Beijing: As more cities across world opt for metro rail making it the mainstay of urban transportation, Chinese planners have warned that their construction and maintenance turned out to be costlier than space travel, with networks in Beijing and Shanghai running in big losses.
China has spent about USD 6.1 billion in the last 20 years on its manned space programme sending 10 spacecrafts into orbit, but that amount would just be barely enough to build 78 km of subway system, a study of the spiralling costs of the metro rail system by state-run China Daily said.
It is now turning out that the average cost of each km of subway works out to about USD 78 million and the metro rail systems in China’s big cities like Beijing and Shanghai are struggling to maintain, unable to service vast loans procured for the construction.
Concerns about subway construction and expansion are mounting in China as 28 more cities have been permitted to build underground metro rail by 2015 spanning to 2,500 km.
“The construction will cost at least One trillion yuan (over USD 156 billion) in total,” Chen Xunru, a member of the Chinese People’s Political Consultative Conference, who conducted the research into subway construction said.
Experts are concerned that the construction could strain the resources of some cities and plunge them heavily into debt.
They are also worried that the cities may not have taken account of the possible long-term costs of operating and maintaining the network.
Moreover, the large-scale move towards construction has resulted in a shortage of trained professionals, which in turn could lead to reduced safety levels, the study said.
China’s first subway went into operation in Beijing in 1969 followed by Tianjin, Shanghai and Guangzhou.
“Subways have many advantages, including large-volume transport capacity, high efficiency levels and low energy consumption. They can also save land and boost economic development along the line.
“Big cities regard subways as an important means of reducing traffic congestion and upgrading their image,” Chen said. But smaller cities may not afford them.
“Some cities are mapping subway networks that will cost their entire combined income for five years,” he said.
“We’re not just talking about the huge amounts of money involved in building the infrastructure.
There are also annual operating and maintenance costs,” Yang Di, a manager at Shanghai Shentong Metro Group Co, which owns the Shanghai Metro and is the parent company of the listed Shanghai Shentong Metro Co.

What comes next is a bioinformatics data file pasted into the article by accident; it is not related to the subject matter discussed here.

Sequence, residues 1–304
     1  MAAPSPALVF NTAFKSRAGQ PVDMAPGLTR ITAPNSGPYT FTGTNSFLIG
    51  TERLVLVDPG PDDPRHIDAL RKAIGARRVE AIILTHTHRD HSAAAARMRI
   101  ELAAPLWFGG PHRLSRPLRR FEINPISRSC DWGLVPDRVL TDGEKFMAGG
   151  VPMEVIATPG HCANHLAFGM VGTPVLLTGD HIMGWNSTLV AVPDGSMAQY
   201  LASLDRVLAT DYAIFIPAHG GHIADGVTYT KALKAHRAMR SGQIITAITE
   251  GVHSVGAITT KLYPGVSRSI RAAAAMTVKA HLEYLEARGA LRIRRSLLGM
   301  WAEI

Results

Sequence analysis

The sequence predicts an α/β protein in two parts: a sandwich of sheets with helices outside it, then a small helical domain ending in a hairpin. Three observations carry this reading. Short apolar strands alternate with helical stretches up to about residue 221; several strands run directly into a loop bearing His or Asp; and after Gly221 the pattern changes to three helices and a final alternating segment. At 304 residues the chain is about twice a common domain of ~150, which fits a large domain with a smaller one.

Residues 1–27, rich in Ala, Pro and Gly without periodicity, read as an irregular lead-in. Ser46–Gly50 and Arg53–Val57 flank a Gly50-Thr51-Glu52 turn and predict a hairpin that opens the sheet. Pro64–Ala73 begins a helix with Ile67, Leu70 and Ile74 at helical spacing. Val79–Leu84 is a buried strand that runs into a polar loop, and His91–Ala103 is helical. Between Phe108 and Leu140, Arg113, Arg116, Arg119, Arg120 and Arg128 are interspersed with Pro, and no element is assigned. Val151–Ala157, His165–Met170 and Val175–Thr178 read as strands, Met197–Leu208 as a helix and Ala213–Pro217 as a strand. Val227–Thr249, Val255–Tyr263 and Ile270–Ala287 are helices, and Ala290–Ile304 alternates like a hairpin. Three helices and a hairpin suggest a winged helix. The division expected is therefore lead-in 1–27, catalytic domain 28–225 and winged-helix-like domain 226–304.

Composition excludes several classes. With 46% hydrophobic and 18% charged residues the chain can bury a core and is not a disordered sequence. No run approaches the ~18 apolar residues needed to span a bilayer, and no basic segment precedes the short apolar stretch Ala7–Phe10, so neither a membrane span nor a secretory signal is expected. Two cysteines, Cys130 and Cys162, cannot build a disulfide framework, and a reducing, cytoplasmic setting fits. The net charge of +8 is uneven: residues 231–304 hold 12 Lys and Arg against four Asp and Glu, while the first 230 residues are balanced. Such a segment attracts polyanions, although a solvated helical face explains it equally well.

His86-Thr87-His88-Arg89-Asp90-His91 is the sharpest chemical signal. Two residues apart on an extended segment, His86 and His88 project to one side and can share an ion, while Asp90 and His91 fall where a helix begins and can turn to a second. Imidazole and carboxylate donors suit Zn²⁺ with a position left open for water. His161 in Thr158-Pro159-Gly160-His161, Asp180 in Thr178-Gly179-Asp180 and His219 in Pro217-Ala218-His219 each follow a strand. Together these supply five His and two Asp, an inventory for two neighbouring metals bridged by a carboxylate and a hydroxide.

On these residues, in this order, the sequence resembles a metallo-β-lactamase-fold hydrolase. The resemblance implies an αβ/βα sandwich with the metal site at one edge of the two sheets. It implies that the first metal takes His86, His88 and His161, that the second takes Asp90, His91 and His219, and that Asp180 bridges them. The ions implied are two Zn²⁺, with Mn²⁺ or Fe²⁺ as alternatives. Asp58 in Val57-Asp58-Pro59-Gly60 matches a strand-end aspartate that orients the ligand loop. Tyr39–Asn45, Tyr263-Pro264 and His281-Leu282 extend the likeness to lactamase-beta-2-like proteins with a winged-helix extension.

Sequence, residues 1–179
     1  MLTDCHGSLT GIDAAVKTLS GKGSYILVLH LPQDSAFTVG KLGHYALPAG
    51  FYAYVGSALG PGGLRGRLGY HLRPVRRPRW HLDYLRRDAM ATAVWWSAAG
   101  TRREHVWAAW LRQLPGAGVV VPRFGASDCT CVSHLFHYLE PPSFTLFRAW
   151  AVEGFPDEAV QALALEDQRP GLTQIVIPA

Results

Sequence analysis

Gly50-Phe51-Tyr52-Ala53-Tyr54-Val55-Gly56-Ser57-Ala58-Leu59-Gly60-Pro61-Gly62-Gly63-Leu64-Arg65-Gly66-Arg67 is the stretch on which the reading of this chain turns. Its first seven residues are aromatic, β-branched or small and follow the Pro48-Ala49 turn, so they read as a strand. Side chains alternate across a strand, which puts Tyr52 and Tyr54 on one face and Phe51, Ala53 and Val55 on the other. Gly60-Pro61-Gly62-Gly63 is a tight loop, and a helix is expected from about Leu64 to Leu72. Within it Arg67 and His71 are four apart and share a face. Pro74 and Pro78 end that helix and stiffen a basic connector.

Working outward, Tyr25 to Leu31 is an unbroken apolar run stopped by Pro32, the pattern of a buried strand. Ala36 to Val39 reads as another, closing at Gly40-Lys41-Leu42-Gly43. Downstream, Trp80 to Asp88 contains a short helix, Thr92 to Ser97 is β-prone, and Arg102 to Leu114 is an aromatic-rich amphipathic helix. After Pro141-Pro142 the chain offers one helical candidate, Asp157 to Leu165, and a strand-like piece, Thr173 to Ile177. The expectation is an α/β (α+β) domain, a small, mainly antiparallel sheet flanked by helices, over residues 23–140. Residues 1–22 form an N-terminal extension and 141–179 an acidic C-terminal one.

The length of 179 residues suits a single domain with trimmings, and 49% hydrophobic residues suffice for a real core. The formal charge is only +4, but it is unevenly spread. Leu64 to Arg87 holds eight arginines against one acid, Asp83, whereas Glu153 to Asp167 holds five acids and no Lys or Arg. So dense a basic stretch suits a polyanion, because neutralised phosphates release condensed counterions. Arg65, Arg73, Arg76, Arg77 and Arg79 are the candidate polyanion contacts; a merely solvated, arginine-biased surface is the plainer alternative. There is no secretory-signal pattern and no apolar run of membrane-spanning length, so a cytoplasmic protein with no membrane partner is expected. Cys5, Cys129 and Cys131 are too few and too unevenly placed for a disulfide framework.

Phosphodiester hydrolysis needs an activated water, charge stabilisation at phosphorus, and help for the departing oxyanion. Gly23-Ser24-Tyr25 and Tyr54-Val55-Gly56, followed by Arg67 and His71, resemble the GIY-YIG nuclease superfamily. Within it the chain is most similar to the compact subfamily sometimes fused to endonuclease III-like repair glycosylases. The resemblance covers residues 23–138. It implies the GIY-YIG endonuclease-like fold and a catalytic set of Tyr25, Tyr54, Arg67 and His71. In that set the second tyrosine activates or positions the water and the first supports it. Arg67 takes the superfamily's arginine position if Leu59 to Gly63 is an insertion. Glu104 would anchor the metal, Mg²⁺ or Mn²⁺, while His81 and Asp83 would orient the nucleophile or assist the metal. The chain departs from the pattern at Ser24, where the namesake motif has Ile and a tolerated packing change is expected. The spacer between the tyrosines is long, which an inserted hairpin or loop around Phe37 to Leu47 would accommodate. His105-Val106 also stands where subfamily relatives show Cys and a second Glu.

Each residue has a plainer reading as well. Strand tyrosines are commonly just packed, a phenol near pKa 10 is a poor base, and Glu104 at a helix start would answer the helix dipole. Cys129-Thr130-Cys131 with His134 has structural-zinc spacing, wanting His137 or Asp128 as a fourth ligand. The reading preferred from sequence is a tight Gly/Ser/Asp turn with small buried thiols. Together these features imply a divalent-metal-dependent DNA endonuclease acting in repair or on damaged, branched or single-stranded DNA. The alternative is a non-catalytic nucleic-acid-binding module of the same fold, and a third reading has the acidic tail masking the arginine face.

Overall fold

The fact is that it’s difficult to make money from subway operations, and only Hong Kong’s metro system is profitable, he said.
Even Shanghai, with a population of 23 million and GDP of USD 297.8 billion in 2011, has been dragged into debt.
It has China’s longest subway network, with 11 lines totalling 425 km, which is longer than New York (370 km) and catching up with London (439 km).
The network is set to reach 570 km by 2013 and 877 km by 2020.
The city has the globe’s fifth-busiest metro network - following Tokyo, Seoul, Moscow and Beijing – with 2. 1 billion passengers in 2011, but the annual income it generates is insufficient to support itself.
Ying Minghong, board airman of Shanghai Shentong Metro Group Co, said that only Line 1 is profitable.
The income from ticket sales and advertising covers its daily operating costs, but is not enough to pay for maintenance or the interest on its loans. The city’s other lines are in debt.
Chen said that the interest on bank loans cost the municipal government several billion yuan, not to mention the cost of construction and other outlay.
Shanghai Shentong Metro Co had gross liabilities of USD 95.55 million by the end of 2011, according to its annual report. The figure was USD 41.19 million in 2009.
According to a Xinhua news agency analyst, the total liabilities of the Shanghai metro exceed USD 15 billion.
Beijing, with a population of 20 million, has 372 km of subway, which will be extended to 440 km by the end of the year and to 1,050 km by 2020.
It’s estimated that in 2015, when the network reaches 581 km, the system will have an operating loss of USD 674.01 million, despite the huge traffic volume, Wu Lishun, financing manager at Beijing Infrastructure Investment Co, which is responsible for financing subway construction said.
If depreciation and accounting costs are included, the loss will hit at least USD 2.6 billion, he said.